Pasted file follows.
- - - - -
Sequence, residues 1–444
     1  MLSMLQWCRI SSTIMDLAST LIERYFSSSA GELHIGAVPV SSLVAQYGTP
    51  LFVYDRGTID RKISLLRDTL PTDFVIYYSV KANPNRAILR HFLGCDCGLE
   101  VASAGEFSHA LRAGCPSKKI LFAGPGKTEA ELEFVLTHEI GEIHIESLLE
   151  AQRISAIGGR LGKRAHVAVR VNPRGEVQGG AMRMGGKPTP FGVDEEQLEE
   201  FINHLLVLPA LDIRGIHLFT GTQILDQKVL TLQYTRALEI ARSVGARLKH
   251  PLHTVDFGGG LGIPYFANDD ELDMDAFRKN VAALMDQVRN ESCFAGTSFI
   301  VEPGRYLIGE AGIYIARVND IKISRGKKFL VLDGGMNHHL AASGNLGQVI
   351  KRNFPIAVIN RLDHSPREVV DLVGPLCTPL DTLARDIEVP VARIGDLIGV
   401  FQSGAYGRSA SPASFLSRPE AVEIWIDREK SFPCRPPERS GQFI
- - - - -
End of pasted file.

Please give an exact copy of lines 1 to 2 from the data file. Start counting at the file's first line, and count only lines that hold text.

Sequence, residues 1–444
     1  MLSMLQWCRI SSTIMDLAST LIERYFSSSA GELHIGAVPV SSLVAQYGTP